See the generally adopted panel views under paragraph 1.9 of the WIPO Overview 2.0, and particularly, Entertainment Shopping AG v. Nischal Soni, Sonik Technologies, WIPO Case No. D2009-1437; America Online, Inc. v. Anson Chan, WIPO Case No. D2001-0004; Oki Data Americas, Inc. v. ASD, Inc., WIPO Case No. D2001-0903; Viacom International Inc. v. Frank F. Jackson and Nancy Miller, WIPO Case No. D2003-0755; Caterpillar Inc. v. Roam the Planet, Ltd., WIPO Case No. D2000-0275; Société Air France v. RBlue, WIPO Case No. D2005-0290; SANOFI AVENTIS v. ProtectFly.com/RegisterFly.com, WIPO Case No. D2006-1272; F.Hoffmann-La Roche AG v. Avieltech Consultant, WIPO Case No. D2007-0930. Also, see the numerous panel decisions cited by the Complainant: Swarovski Aktiengesellschaft v. PrivacyProtect.org Domain Admin / Trade Out Investments Ltd, WIPO Case No. D2011-1522; Swarovski Aktiengesellschaft v. Christine Jil, WIPO Case No. D2011-0981; Swarovski Aktiengesellschaft v. liu ji, WIPO Case No. D2011-0353; Swarovski Aktiengesellschaft v. Marzena Marzena, WIPO Case No. D2011-0980; Swarovski Aktiengesellschaft v. shenglin fan, WIPO Case No. D2012-0170; Swarovski Aktiengesellschaft v. Kimi DeLuca, WIPO Case No. D2007-0252; and Swarovski Aktiengesellschaft v. Zhang Yulin, WIPO Case No. D2009-0947.

Taking into consideration the renown of the Complainant’s SWAROVSKI trademarks and the semantic load that the word “Swarovski” carries in the disputed domain name, as well as the previous practice in the UDRP, in this Panel’s view, the words “outlet” and “stores” are not sufficient to overcome the overall confusing similarity between the disputed domain name and the Complainant’s SWAROVSKI trademarks.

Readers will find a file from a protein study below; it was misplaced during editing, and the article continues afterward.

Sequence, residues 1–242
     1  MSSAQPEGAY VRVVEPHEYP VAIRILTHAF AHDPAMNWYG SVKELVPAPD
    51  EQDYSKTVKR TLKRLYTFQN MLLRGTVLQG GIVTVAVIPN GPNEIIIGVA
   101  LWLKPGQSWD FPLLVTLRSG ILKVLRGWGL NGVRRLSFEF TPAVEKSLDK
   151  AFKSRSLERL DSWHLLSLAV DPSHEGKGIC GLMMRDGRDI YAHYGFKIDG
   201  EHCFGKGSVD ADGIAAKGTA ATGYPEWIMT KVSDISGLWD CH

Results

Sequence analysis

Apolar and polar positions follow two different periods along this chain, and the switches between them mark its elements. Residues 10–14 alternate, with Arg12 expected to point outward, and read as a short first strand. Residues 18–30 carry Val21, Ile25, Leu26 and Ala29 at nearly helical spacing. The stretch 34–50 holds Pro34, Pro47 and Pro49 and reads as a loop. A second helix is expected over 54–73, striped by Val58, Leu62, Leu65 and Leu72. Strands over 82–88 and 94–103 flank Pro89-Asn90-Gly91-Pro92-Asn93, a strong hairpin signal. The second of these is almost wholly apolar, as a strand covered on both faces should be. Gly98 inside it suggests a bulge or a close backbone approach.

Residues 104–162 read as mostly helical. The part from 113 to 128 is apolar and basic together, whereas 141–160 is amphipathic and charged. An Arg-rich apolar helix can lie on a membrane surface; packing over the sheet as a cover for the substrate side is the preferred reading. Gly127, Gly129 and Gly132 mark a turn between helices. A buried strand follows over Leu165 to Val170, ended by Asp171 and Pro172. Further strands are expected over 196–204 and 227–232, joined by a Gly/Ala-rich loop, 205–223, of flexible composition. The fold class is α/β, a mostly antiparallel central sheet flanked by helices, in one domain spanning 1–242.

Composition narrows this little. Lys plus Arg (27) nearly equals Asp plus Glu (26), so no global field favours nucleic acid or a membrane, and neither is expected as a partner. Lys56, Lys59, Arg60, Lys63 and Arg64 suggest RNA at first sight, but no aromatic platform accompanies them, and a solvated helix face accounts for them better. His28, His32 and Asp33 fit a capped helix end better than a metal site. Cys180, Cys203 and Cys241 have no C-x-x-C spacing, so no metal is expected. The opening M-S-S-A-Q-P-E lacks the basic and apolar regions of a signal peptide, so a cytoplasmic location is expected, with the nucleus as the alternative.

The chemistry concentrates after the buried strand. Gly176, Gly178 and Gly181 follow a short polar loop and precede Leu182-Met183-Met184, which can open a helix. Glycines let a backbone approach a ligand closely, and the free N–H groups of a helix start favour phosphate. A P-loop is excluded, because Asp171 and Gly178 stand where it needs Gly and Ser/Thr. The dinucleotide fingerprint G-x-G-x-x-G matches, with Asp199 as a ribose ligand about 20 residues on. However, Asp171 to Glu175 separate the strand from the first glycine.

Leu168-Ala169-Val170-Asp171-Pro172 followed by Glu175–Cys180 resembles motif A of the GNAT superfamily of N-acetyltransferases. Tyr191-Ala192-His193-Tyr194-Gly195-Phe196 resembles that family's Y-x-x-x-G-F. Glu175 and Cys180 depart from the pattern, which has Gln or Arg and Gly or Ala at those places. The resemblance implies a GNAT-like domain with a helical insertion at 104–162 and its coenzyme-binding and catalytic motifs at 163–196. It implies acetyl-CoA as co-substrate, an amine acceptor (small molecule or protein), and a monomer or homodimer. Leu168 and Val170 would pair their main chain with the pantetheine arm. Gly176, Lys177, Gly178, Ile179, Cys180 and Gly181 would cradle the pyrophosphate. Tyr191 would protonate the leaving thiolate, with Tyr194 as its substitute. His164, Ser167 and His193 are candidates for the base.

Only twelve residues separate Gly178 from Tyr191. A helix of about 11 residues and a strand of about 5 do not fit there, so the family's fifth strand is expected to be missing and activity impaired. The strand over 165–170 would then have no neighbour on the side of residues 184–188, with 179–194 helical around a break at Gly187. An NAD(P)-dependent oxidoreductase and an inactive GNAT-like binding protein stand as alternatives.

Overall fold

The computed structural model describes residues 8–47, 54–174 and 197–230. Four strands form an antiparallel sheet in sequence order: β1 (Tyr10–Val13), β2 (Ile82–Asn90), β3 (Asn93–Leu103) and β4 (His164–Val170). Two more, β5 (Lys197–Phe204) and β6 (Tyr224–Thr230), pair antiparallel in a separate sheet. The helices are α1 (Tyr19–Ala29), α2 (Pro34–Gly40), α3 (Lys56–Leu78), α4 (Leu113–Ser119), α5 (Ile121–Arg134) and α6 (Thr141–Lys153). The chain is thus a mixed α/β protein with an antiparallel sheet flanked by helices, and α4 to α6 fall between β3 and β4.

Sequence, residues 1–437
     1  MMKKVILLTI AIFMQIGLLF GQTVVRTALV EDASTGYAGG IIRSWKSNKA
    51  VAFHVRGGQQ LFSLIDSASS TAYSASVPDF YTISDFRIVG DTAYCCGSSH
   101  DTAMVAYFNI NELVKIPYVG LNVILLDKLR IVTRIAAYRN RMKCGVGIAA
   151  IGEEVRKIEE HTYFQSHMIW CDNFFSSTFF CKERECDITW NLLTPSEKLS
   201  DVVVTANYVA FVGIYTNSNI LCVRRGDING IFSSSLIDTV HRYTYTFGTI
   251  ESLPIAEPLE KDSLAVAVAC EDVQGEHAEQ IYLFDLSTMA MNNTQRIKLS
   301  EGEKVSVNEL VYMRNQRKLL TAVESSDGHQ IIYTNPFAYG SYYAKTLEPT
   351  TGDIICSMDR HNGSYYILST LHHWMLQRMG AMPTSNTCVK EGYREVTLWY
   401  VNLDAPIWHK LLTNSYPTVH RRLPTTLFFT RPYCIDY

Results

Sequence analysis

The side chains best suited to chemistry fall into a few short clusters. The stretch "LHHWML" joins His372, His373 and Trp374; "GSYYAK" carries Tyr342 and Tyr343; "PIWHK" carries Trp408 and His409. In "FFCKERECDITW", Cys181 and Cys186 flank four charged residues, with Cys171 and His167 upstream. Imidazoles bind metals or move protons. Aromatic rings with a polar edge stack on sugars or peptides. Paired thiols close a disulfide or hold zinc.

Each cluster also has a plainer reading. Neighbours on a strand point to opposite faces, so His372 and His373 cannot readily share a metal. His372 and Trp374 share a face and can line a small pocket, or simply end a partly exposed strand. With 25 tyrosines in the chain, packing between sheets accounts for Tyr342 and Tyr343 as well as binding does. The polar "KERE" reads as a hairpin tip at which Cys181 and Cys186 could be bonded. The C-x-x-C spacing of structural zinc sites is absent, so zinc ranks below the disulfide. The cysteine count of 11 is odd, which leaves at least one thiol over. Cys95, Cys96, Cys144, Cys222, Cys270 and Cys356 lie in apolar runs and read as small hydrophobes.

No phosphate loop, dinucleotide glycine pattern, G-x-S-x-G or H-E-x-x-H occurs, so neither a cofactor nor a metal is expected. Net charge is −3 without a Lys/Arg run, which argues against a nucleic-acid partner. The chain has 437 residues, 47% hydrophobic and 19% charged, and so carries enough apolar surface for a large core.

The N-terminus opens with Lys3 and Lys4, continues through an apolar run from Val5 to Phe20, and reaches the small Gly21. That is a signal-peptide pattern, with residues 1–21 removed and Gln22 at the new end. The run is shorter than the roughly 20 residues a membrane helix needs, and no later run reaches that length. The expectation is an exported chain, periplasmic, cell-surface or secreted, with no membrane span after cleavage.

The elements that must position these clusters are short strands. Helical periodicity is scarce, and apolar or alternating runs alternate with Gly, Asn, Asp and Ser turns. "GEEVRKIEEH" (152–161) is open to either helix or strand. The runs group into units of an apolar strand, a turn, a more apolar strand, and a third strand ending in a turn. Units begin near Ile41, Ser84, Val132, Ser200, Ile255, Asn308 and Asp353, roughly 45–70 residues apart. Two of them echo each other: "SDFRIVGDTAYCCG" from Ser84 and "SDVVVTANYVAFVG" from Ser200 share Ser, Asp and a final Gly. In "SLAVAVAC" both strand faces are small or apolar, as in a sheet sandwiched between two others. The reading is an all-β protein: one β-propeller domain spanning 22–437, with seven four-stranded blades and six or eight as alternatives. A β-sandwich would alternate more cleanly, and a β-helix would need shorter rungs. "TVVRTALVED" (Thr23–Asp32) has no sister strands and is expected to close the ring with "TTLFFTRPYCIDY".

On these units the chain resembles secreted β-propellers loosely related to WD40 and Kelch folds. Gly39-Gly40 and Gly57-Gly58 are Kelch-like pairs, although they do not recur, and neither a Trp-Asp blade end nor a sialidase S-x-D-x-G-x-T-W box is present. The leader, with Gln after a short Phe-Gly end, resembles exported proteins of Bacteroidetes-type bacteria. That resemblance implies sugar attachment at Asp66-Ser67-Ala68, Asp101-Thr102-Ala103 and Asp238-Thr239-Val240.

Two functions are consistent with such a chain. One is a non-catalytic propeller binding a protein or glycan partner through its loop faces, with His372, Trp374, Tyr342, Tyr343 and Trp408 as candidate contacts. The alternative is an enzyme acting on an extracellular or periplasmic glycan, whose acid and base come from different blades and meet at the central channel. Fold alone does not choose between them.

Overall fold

As for the applicable top-level “.com” suffix in the disputed domain name, it is a consensus view that it can usually be disregarded under the confusing similarity test (see paragraph 1.2 of the WIPO Overview 2.0).

For all the foregoing reasons, the Panel finds that the Complainant has satisfied the Policy, paragraph 4(a)(i), i.e. has proven that the disputed domain name <swarovskioutletstores.com> is confusingly similar to the its SWAROVSKI trademarks.

B. Rights or Legitimate Interests

Paragraph 4(c) of the Policy sets out a number of circumstances which, without limitation, may be effective for a respondent to demonstrate that it has rights to, or legitimate interests in, a disputed domain name, for the purposes of paragraph 4(a)(ii) of the Policy. Those circumstances are:

“(i) before any notice to [the respondent] of the dispute, use by [the respondent] of, or demonstrable preparations to use, the disputed domain name or a name corresponding to the disputed domain name in connection with a bona fide offering of goods or services; or

(ii) where [the respondent] (as an individual, business, or other organization) [has] been commonly known by the disputed domain name, even if [the respondent has] acquired no trade mark or service mark rights; or